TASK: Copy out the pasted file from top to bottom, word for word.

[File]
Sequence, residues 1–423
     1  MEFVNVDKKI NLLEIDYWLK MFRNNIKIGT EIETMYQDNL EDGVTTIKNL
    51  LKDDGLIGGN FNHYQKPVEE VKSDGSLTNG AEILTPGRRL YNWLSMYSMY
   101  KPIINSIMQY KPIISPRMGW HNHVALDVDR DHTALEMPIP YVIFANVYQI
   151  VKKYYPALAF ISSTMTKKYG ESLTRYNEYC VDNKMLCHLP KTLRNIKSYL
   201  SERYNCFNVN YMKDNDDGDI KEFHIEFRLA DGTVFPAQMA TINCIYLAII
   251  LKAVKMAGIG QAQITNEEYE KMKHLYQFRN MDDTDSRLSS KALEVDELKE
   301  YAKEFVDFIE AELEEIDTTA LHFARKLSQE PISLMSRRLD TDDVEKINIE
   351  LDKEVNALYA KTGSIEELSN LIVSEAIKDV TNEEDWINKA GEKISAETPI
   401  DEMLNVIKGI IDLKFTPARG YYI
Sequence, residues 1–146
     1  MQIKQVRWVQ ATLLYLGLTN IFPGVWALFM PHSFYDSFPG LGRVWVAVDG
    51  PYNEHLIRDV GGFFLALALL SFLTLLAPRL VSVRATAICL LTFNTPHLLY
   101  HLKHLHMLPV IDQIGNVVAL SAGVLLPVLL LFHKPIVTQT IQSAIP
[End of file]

Sequence, residues 1–423
     1  MEFVNVDKKI NLLEIDYWLK MFRNNIKIGT EIETMYQDNL EDGVTTIKNL
    51  LKDDGLIGGN FNHYQKPVEE VKSDGSLTNG AEILTPGRRL YNWLSMYSMY
   101  KPIINSIMQY KPIISPRMGW HNHVALDVDR DHTALEMPIP YVIFANVYQI
   151  VKKYYPALAF ISSTMTKKYG ESLTRYNEYC VDNKMLCHLP KTLRNIKSYL
   201  SERYNCFNVN YMKDNDDGDI KEFHIEFRLA DGTVFPAQMA TINCIYLAII
   251  LKAVKMAGIG QAQITNEEYE KMKHLYQFRN MDDTDSRLSS KALEVDELKE
   301  YAKEFVDFIE AELEEIDTTA LHFARKLSQE PISLMSRRLD TDDVEKINIE
   351  LDKEVNALYA KTGSIEELSN LIVSEAIKDV TNEEDWINKA GEKISAETPI
   401  DEMLNVIKGI IDLKFTPARG YYI
Sequence, residues 1–146
     1  MQIKQVRWVQ ATLLYLGLTN IFPGVWALFM PHSFYDSFPG LGRVWVAVDG
    51  PYNEHLIRDV GGFFLALALL SFLTLLAPRL VSVRATAICL LTFNTPHLLY
   101  HLKHLHMLPV IDQIGNVVAL SAGVLLPVLL LFHKPIVTQT IQSAIP